Learn to Drum Online: Auxiliary Percussion Instruments I

You’ll probably build out your collection of toys as the need arises for a particular sound, but here’s an overview of some common ones. Don’t underestimate the power of non-drum kit instruments! They’ll add crucial texture to your beats and songs. As the drummer, it’ll probably fall on you to come up with all the percussion ideas, even if you don’t end up playing them live. If you’re playing in a band, get the rest of the group started on drum lessons now so they can pick up these kind of parts as they come along and play them well. Your singer better know how to tambo.

imageimageTambourines come from the Middle East and are made up of a wooden ring of varying size, metal discs that jangle called zils, and often a head across one side. In rock music, they’re often shaken back and forth with one hand and struck with the heel of the other to accent beats. There are also drum-mounted tambourines that are stuck with a drum stick and hi-hat-mounted ones called “hat tricks” that jangle with a close of the hi-hat. Non-rock techniques include balancing the tambourine upright with one thumb in the thumb hole, the head facing out, and playing the head and zils with your fingers, and the thumb roll, where you hold the tambourine flat, wet your thumb, and run it across the head, creating a stuttering movement that vibrates the zils.

imageimageFinger cymbals are two thick, tiny cymbals with straps. To play, you pinch the straps in each hand so the cymbals dangle flat and bring the edge of one cymbal to strike the top of the other, creating a brassy ring like a small bell.


imageimageAnother rock staple, the woodblock is (often) drum-mounted and is a mostly solid wood block with a sound hole carved out of one half. Hitting the thinner side with the edge of your stick will create a woody “clock” sound.


imageimageUse carefully, as the cowbell is one of the loudest aux instruments. You can get a lot of tones out of a cowbell, and they come in all sizes. Hold it in your palm with the hole facing out. Hitting the edge with the edge of your stick and minimal contact from your hand will create a loud metal clunk. Hitting different parts of the cowbell and experimenting with palm muffling will create different tones that you can you by themselves or together to create more nuanced beats. These also come with drum mounts, which afford less control over tone, but will let you rock the fuck out a la “Don’t Fear The Reaper.” Christopher Walken wasn’t all wrong when he asked for more cowbell, as a well-mixed and well-placed cowbell can be oh so sweet.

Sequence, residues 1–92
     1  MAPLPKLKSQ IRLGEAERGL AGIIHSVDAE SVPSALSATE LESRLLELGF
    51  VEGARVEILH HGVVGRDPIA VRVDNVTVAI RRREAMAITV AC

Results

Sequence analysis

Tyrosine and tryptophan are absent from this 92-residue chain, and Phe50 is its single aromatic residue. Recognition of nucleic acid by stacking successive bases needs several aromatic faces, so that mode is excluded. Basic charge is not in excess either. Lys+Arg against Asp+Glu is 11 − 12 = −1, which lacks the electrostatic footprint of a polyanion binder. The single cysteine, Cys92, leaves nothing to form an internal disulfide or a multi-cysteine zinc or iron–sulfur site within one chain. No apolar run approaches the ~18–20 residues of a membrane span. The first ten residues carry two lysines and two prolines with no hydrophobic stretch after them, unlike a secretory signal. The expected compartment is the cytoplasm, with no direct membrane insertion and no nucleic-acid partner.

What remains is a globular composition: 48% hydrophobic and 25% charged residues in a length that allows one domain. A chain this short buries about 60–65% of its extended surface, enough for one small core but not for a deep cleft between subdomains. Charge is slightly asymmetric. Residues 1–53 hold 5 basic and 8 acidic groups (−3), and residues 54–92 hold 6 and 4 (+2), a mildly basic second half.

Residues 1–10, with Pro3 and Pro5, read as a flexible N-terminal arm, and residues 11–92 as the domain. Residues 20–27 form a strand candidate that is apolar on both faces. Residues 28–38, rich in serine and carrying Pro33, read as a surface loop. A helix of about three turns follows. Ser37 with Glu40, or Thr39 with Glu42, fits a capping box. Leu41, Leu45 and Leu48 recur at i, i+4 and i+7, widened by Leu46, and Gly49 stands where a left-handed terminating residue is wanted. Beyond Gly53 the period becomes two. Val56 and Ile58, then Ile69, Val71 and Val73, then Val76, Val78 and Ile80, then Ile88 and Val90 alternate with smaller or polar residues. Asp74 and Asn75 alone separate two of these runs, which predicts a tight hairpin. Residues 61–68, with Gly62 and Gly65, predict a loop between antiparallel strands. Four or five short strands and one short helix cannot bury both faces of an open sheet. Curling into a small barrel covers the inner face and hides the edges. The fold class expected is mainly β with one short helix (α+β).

imageimageTriangles come in many sizes as well. They’re made of a single metal rod bent to make a triangle that doesn’t quite connect with itself. It should have a string or strap on one corner for you to hold. Add a simple hardware clamp or rod of some kind to the strap so it can rest between your thumb and pointer finger, giving you the ability to muffle the triangle with your fingers. Mixing muffled and open hits with the metal beater will allow you to create tasty triangle grooves. These can also be hung on your set and are sold with stands to allow you to hit it with a stick. You lose control over muffling, but it’s easier to work into a kit beat.


imageimage“Shakers” is a general term for all the instruments that rattle when you shake them. There are too many variations on this to count, but common ones are egg shakers and plastic or metal tubular shakers. Lots of rock songs actually have shakers down in the mix to add a slushy quality to the beat. imageimage Experiment with different tones and beats to add interesting color to your songs. Different containers, coarse or fine filling, and “world” shakers with nuts and shells all have unique tones. Shakers can also be used for acoustic versions of your electric songs to give a steady beat in lieu of your ride or hi-hat.


imageimageThe Zilbel is a thick, small cymbal make by Zildjian. It’s a pretty loud and specific sound, so hear one before you buy one, and make sure your song needs it. I’ve heard it in metal beats and as a special “dong!” effect. I’ve only ever used it when doing a cover of Velvet Underground’s “Here Comes the Sun” as a replacement for the finger cymbals.


imageimageA christmas song necessity. Any song becomes a christmas song with the steady chug of sleigh bells. Hold them in your fist like a gear-shift, “upside-down,” with bells below the handle. Hit the butt of the handle with your other fist to make the bells jingle.

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